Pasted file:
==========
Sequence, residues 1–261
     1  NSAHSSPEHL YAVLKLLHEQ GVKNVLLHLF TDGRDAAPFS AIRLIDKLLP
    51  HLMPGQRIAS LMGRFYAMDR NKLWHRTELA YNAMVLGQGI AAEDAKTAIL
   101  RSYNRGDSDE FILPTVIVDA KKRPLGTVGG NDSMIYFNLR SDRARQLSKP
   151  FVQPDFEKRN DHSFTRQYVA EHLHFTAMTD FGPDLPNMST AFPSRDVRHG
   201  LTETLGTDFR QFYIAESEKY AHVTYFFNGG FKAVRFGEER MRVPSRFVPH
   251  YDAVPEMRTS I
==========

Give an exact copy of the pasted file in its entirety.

Sequence, residues 1–261
     1  NSAHSSPEHL YAVLKLLHEQ GVKNVLLHLF TDGRDAAPFS AIRLIDKLLP
    51  HLMPGQRIAS LMGRFYAMDR NKLWHRTELA YNAMVLGQGI AAEDAKTAIL
   101  RSYNRGDSDE FILPTVIVDA KKRPLGTVGG NDSMIYFNLR SDRARQLSKP
   151  FVQPDFEKRN DHSFTRQYVA EHLHFTAMTD FGPDLPNMST AFPSRDVRHG
   201  LTETLGTDFR QFYIAESEKY AHVTYFFNGG FKAVRFGEER MRVPSRFVPH
   251  YDAVPEMRTS I